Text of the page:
Happy October! Fall is a special time in St. Helens.

St. Helens Celebrates

St. Helens Mayor Rick Scholl poses with the big pumpkin, a centerpiece of the city's Halloween celebration, at Courthouse Plaza Square.

It’s when our city transforms into the Spirit of Halloweentown and we see a steady stream of visitors coming to discover a little of the magic that makes our city so special.

Celebrations for the Spirit of Halloweentown have grown and changed over the years, recently adapting during the pandemic. It was important to keep the pumpkin lit last year. It gave us a small reminder of something normal and became a symbol of resilience through dark times.

In the face of the pandemic during 2020, we made a difficult decision and changed the format of the event. With the celebration’s overwhelming rise in popularity since 2015, we knew that visitors would come regardless of COVID-19 restrictions, so we went ahead cautiously and deliberately, planning for the people that we knew would be here. We proactively took steps and made a plan to keep people safe while visiting. Of course, changes can be uncomfortable. We understand this, and we asked our residents to give extra grace and shine as the wonderful, welcoming community that we are.

As the pandemic continues and responses change, we are adapting this year while keeping health and safety central in the event’s production. One example of this is the cancellation of the big Halloween parade in 2021. While this event has been a huge success the last few years thanks to the community partners who plan and put this event on, there was no way that we could safely plan for the huge crowds that always show up for the parade.

The important part to me is that we continue to bring people together and offer a chance for people of all ages and backgrounds to discover our wonderful community.

As locals, we sometimes forget about one of our biggest assets: the Columbia River. I am someone who uses the river often; you can find me fishing every spring and fall. But many people who live in St. Helens forget about how lucky we are to have the river. We are reminded of that when visitors come to our city and see our riverfront. They comment about how beautiful it is and how amazing it must be to live in St. Helens with the river right on our doorstep.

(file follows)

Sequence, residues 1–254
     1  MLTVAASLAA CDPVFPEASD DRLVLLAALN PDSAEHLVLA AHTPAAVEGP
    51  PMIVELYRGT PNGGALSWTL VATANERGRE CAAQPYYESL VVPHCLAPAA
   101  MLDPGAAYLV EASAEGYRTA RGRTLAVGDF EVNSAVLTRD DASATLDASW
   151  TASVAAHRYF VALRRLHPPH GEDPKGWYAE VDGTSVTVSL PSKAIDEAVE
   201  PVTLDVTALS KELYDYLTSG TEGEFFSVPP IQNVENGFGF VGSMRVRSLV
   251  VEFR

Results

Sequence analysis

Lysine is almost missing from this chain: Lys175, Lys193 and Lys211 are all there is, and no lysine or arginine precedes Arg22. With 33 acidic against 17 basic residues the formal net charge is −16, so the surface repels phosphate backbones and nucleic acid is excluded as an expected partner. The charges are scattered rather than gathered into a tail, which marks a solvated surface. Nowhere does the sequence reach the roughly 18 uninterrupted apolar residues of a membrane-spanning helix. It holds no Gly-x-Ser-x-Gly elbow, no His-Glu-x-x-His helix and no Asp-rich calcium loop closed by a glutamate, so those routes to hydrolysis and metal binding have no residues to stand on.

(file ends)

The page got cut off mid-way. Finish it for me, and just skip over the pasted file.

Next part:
The same is true of Spirit of Halloweentown. While there may be residents and community members who don’t like the event, there are people from all over our region, the state, and even the country and internationally that love Halloween. They happily make the long trip for a unique experience that only we can offer. Spirit of Halloweentown is an asset that we are lucky enough to have in our own backyard, and the visitors who come from all over to experience a little bit of that magic remind us of that.

I was walking around the Riverfront District during Spirit of Halloweentown a couple years ago and met a group of three adults and two children outside the haunted house. They were from Florida and asked me about places to eat. While we have a lot of great restaurants on our riverfront, since they were a family with kids, I encouraged them to visit Sunshine Pizza near the highway so they could see a different part of our city. It’s interactions like this that show the real benefits that are possible for St. Helens businesses and the community because of Spirit of Halloweentown.

We now welcome visitors every year from across the country and the world. They see our community groups and non-profits involved as vendors and volunteers during Spirit of Halloweentown. They see the beauty of our riverfront. They go into our shops and eat at our restaurants. They are thrilled to be visiting a place that we are lucky enough to call home.

October is our community’s chance to show the amazing potential of our city and the magic of our community members who make St. Helens a great place to live.

Rick Scholl is the major of St. Helens. He may be reached at www.sthelensoregon.gov.


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